Perceived Threat

By Andy Volin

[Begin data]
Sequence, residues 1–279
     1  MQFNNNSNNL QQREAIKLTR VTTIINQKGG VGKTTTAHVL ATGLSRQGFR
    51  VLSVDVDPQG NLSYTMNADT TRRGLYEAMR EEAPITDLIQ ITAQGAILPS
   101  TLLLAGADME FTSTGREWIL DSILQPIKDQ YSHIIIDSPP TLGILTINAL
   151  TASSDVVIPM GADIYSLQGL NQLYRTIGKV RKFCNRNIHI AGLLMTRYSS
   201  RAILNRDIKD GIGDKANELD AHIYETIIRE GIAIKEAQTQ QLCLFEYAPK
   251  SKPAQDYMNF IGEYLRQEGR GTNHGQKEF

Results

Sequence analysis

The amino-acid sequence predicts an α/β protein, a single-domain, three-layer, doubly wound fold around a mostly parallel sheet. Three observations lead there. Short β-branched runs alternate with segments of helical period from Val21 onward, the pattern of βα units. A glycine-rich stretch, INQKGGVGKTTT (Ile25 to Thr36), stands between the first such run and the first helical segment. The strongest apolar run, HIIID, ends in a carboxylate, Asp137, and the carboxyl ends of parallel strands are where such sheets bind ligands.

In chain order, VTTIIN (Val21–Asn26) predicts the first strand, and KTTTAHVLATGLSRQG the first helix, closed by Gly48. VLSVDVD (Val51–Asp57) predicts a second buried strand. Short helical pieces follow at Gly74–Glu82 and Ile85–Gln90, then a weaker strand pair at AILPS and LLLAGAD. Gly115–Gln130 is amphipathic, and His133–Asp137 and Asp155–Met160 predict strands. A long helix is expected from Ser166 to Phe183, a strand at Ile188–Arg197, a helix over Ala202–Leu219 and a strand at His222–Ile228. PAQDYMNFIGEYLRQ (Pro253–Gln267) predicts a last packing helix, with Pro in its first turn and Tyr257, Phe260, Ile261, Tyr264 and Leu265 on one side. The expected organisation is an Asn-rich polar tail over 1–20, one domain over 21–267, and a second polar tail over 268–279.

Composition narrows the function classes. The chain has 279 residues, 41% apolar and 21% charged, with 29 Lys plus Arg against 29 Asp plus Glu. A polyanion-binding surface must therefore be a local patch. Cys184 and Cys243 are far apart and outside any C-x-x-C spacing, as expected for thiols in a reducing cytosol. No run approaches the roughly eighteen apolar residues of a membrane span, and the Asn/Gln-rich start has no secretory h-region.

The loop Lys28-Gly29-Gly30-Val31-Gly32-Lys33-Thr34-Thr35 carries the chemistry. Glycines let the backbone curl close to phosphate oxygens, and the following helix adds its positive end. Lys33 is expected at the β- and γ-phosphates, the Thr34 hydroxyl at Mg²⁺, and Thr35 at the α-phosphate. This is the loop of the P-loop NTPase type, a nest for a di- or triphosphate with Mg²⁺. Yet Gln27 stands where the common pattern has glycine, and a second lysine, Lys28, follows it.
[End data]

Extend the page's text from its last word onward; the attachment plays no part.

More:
The Americans With Disabilities Act permits an employer to deny employment to a person who would create a “direct threat” to the safety of himself or others in the workplace. A company with a warehouse operation refused to place a blind employee into its warehouse, asserting this defense, and the EEOC persuaded a jury to rule against the warehouse. The Tenth Circuit just reversed the outcome, because the direct threat jury instruction was wrong. EEOC v. Beverage Distributors Co., No. 14-1012 (10th Cir. Mar.16, 2015). The jury instruction required the warehouse to prove that the employee created a direct threat and that there was no reasonable accommodation possible. That was more than the law required, according to the court. The warehouse only had to prove it had a reasonable belief that the worker would create a direct threat, not that he actually did so. That distinction could have affected the outcome, and so the case was sent back for another trial.